News24

Tunisia: 40 Islamists on hunger strike

2012-11-26 19:35

Tunis - At least 40 Tunisian Islamist prisoners are still on hunger strike, the justice ministry said on Monday, hours after announcing that the almost two-week protest had ended.

"After checking, only some of the strikers have ended [their protest]. We have no set number because it changes all the time," said ministry official Fadhel Saihi.

"Of around 120 striking at the beginning, nearly 80 have stopped, so there are around 40 left," he added.

Earlier in the day, Saihi said the hunger strike had ended apart from one prisoner who had been taken to hospital because of his condition.

Abdelbasset Ben Mbarek, a lawyer for one of the inmates, swiftly denied the report, saying that the justice ministry only wanted to "mislead the public".

Unverified


None of Monday's claims could be verified by an independent source.

Up to 200 prisoners have refused to eat, according to lawyers, most of them since mid-November when two fellow inmates died after refusing food for nearly two months.

Most of the strikers were arrested in connection with a wave of attacks blamed on Tunisia's hardline Salafists that has rocked the country since its revolution of January 2011.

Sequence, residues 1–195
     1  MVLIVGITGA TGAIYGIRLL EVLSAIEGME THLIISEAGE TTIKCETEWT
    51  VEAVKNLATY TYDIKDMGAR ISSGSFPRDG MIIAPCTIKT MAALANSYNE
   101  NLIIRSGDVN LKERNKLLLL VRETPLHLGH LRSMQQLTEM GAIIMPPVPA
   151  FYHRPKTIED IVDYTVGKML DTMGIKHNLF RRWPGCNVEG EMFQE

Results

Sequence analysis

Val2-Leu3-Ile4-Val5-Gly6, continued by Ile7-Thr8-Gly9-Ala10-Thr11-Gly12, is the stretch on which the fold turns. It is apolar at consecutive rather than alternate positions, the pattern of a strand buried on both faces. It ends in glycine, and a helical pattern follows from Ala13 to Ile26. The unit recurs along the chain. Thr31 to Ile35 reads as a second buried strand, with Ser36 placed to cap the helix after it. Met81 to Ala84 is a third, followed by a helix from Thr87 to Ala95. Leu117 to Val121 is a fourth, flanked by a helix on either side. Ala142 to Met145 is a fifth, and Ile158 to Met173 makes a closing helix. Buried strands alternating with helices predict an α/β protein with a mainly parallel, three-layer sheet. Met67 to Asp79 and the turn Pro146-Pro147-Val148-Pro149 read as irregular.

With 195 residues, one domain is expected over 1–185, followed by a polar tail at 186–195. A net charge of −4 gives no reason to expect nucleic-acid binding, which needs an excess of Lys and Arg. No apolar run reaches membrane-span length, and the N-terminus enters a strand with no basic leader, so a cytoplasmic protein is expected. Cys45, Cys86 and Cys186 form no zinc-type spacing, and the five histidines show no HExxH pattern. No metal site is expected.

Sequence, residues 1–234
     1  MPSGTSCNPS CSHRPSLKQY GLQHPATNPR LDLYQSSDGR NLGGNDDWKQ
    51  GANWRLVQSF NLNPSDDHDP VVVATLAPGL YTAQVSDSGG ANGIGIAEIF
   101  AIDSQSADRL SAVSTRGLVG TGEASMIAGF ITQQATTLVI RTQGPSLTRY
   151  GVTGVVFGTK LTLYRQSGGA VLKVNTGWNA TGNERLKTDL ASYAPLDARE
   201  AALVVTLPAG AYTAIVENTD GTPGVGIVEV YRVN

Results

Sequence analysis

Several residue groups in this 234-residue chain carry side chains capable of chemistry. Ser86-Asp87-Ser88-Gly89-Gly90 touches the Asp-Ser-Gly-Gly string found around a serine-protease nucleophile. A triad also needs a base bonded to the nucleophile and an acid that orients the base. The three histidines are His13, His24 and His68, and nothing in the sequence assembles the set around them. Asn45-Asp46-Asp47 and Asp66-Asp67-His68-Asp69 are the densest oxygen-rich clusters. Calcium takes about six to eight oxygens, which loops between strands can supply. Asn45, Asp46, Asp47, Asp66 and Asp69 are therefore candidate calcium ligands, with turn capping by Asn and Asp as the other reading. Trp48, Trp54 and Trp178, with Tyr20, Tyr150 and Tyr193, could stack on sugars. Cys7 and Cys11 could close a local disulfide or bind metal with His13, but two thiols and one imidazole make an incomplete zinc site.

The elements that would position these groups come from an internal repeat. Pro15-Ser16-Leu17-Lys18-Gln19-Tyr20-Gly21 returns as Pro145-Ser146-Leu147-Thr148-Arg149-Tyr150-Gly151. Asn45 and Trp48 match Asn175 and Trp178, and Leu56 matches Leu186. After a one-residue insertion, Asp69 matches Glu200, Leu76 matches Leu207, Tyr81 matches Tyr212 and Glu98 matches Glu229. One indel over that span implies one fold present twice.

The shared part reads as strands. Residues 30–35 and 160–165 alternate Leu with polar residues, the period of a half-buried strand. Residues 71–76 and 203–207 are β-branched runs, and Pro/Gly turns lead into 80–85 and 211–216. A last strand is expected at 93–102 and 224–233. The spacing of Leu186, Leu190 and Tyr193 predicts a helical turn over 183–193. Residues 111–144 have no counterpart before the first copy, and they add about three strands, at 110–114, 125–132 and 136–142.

Saihi said earlier that joint efforts by the justice ministry, the prisoners' lawyers and civil society groups helped end the strike.

"The judiciary has promised to bring forward their trials," he said.

The justice ministry also said last week that a large number of prisoners had ended their hunger strike, claims again denied by lawyers.

Arrested

Around 220 Salafist Islamists have been arrested in 2011 and 2012 over numerous attacks, Saihi said.

The targets of the attacks have included Nessma TV channel, an art exhibition in a Tunis suburb and the US embassy, which was stormed by Islamists on 14 September in violence that left four people dead.

The Salafists themselves, who adhere to an ultra-orthodox form of Sunni Islam, say around 900 fellow hardliners have been arrested since the uprising that ousted president Zine El Abidine Ben Ali.